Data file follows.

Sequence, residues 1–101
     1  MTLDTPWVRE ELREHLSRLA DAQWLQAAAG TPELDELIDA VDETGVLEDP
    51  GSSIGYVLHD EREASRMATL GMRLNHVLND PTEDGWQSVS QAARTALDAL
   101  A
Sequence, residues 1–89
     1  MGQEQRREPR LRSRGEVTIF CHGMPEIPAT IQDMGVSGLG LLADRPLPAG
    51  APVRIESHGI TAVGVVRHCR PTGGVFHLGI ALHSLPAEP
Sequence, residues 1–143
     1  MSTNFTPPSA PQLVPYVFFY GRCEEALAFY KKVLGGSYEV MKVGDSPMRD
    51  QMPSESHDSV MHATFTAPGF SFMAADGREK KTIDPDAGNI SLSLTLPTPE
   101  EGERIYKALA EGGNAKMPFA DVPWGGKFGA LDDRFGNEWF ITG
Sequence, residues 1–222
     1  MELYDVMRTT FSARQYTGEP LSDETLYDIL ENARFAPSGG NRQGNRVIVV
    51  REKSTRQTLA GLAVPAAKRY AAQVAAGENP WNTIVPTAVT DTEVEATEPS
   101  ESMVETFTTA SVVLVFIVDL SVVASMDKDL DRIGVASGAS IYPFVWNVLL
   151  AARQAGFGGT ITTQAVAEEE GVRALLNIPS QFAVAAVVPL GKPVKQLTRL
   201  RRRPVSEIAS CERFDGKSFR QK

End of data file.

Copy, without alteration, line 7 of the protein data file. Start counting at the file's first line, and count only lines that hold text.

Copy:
    51  APVRIESHGI TAVGVVRHCR PTGGVFHLGI ALHSLPAEP